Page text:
Cotton Xenomorph is a new literary journal produced with the mission to showcase new, and ecstatic art while reducing language of oppression in our community. We are dedicated to uplifting new and established voices while engaging in thoughtful conversation around social justice.

for the spring semester & for hannah rego

By Jess Rizkallah

after & with lines from frank o’hara


behind new york there’s a face
its everyone’s and they
are so cute today, earnest
looking for elevators

me and hannah ate bibimbap
and discussed the consistency
of fishcake. also

the republic. they’re in love
with a punk who is in love
with the revolution.

we make windmill arms
in front of the candy shop
like we are children again
we link arms
like we are in love. we’re not

but we both have big eyes that confuse
people we look at, some of whom don’t want us
to be in love with them

i want to make us tshirts that say
‘i’m not in love with you that’s just how big
my eyes are’

sometimes i look at someone the same way
i look at an empty bus seat and other times
the way i look at the ocean. you can’t tell the difference

i want to make tshirts that say ‘i’m either in love
with you or that’s just how big my eyes are”

so big an entire me could pass
through the center on her way
to something despicable to want
in the middle of
the end

hannah says
their heart feels seismographic
or is that the earth


a lot is buried
under the west village like bones
and beaks and bottles under concrete
on top of which
we sidestep an animal roughly
every three feet

sometimes i can’t stand new york
b/c of how perfect the dog culture is

it’s crazy that in 20 years every dog
on this earth that is alive right now
won’t exist anymore

what a statistic. no what a turn over. this makes me feel better
about the five students who dropped my class
in the last two weeks. you see

in dog years two weeks is enough
for me to leave anything behind

there is too much to discover
before the end of treats

dogs don’t know what war is
the mushroom cloud is a second sun
that turns the people into food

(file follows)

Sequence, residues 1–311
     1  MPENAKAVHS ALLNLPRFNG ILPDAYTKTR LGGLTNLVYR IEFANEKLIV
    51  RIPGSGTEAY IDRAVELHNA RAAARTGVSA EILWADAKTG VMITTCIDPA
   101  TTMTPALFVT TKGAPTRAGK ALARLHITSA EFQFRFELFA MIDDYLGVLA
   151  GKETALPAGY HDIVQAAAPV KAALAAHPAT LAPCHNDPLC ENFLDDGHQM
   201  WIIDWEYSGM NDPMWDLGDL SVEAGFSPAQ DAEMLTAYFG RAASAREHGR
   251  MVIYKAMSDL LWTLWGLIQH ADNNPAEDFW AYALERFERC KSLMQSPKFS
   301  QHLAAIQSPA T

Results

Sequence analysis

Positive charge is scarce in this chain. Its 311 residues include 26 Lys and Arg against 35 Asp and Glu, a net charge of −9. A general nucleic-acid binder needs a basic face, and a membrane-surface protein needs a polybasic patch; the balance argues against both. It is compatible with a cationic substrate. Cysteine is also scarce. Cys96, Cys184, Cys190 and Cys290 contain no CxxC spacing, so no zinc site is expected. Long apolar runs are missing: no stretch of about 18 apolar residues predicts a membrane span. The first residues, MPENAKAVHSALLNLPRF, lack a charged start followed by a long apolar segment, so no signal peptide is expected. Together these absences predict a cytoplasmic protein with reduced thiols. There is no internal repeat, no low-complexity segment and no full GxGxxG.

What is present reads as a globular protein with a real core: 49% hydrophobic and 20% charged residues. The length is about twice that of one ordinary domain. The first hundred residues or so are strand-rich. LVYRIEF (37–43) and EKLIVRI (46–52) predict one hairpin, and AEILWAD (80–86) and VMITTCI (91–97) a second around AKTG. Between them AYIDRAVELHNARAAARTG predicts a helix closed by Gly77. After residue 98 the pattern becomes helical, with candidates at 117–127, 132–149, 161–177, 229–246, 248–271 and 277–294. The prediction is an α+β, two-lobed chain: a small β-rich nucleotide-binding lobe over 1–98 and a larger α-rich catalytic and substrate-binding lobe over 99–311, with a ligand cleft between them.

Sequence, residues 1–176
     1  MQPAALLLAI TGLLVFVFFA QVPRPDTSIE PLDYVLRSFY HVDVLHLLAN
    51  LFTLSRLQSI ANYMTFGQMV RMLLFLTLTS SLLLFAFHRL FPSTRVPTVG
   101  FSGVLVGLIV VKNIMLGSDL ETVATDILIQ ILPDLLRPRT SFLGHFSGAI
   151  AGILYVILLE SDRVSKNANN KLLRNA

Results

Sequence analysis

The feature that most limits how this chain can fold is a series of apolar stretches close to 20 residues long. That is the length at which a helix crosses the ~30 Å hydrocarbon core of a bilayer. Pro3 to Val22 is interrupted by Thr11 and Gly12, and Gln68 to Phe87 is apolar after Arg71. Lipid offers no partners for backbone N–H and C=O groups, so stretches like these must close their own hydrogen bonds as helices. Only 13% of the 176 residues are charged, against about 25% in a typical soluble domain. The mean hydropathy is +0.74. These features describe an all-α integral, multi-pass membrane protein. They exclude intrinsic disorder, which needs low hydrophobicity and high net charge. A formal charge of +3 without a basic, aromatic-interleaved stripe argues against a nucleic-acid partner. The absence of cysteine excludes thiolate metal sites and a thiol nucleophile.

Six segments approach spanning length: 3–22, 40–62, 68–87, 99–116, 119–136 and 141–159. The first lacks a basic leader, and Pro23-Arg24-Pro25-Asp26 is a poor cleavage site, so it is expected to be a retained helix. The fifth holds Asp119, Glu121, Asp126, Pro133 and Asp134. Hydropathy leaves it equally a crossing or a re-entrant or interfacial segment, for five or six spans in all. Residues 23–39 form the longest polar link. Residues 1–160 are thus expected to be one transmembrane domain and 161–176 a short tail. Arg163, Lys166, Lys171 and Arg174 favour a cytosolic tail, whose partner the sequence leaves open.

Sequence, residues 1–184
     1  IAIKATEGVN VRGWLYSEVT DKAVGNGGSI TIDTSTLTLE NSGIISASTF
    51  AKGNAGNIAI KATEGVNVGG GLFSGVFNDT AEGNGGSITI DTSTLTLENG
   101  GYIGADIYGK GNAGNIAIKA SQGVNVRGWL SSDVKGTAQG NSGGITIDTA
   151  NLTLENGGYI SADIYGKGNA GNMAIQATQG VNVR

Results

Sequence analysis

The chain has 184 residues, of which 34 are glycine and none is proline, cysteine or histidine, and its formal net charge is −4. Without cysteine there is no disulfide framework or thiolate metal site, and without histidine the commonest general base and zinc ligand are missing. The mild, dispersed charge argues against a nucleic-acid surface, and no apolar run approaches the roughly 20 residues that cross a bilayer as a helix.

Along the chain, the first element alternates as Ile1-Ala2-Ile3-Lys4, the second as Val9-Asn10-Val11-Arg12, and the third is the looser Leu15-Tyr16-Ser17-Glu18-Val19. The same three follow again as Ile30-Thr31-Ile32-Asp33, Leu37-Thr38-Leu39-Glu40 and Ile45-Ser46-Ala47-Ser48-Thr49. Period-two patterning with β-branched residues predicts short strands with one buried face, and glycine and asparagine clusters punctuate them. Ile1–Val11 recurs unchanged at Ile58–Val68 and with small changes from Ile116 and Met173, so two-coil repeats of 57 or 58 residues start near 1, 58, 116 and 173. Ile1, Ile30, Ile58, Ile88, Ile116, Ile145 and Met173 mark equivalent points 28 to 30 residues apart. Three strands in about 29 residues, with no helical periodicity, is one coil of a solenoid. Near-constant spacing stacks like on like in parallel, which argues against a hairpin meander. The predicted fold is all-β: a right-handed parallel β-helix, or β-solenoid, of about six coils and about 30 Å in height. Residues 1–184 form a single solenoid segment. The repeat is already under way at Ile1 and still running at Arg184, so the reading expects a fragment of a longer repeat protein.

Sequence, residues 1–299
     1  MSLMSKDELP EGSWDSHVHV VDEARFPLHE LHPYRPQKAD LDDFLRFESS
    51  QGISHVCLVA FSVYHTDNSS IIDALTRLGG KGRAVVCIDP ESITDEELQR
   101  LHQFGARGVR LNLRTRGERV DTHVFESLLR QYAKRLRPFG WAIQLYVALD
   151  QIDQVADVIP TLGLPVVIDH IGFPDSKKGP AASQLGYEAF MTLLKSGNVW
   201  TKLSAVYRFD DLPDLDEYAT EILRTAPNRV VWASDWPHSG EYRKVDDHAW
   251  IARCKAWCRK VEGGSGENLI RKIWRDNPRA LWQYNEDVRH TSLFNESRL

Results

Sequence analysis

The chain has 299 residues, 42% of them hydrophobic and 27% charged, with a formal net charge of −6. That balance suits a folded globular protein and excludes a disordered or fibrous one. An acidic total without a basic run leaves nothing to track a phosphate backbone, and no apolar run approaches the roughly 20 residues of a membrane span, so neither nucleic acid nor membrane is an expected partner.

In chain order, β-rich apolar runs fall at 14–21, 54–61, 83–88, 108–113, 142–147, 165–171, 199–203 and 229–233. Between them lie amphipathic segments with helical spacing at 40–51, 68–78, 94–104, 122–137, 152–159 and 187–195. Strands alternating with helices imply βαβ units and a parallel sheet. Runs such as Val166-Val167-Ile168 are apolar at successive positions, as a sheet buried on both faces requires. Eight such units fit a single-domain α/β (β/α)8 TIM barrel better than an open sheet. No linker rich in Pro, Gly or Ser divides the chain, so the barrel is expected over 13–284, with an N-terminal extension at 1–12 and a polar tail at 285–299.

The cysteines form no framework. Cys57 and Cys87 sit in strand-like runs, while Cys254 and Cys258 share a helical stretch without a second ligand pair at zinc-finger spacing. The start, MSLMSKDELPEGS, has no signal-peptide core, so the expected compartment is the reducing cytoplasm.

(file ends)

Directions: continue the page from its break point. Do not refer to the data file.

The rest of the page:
here we are and what the hell are we going to do


it’s cold but it’s not. it’s 55 degrees in january
a sweaty cheesecake day

the robin in the grass
is puffy and red like the word ‘splat’

hannah asks ‘is that bird ok’
and then ‘is that bird alive’
and then it flies away

in 2-5 years every common bird
in new york city won’t exist anymore
in their place, a new generation

i read somewhere that ancient migration
patterns are ingrained into the cellular
memory of every bird

if you never migrate, what are you leaving
for your offspring to follow when the sky
marries the fog to escape itself

cigarette butts and phlegm


yes it is strange that everyone fucks and every
one mentions it and it’s boring too
as i try to sleep my wanders
how many teeth have chewed a little piece
of the lover’s flesh
i haven’t seen him in 4 dog weeks
how many teeth are there in the world
one whole year and another half
but if i woke up next to him
after making a child
i would keep it

immediately i sit up and begin
searching the internet for a therapist


I’m looking for a million-dollar heart
in a carton of frozen strawberries

so i’m not getting married
unless it is to my work

don’t tell my grandparents
they will find out at the reception
when i release the birds into the empty rafters
of myself

and dust will become me
as i become the fog
getting out of my own way

i’m scared of having children
the spinal tap
at the parasite’s door

oh god how I’d love to dream
let alone sleep, the soft air
with a certain amount of rapture what do
you do with a kid

but if it would have my eyeballs
i’d do it


yes hannah is still here we are still in new york
it is still the end of the world and the end of the day
as we digest as we talk about stained glass hours
before i read the glass essay by anne carson and i become
casually undone into the night
my skin curling into ropes around the incisor
in the center of my chest
I have often tried to say goodbye
to strange fantoms


i write on the wall ‘don’t touch me’
because when I tremble it makes a noise
a bird trapped in an elevator
like the word ‘thunk’

which in another dimension is the past tense
for ‘think.’
that dimension is my throat
when i am nervous
and want to take it all back
it seems that breath
could easily fill a balloon and drift away
like saturn does after he returns
as a proposition of days of days, just an attack
on the feelings that stay

one day i’ll be left on read 5 dog years later
my feet up on the table looking cool as hell and i won’t even
need a cigarette

Jess Rizkallah is a Lebanese-American writer and illustrator. She is an NYU MFA graduate, a Kundiman fellow, and editor-in-chief at pizza pi press. Her full-length collection THE MAGIC MY BODY BECOMES was a finalist for The Believer Poetry Award and won the 2017 Etel Adnan Poetry Prize as awarded by the Radius of Arab-American Writers and University of Arkansas Press. Find her at

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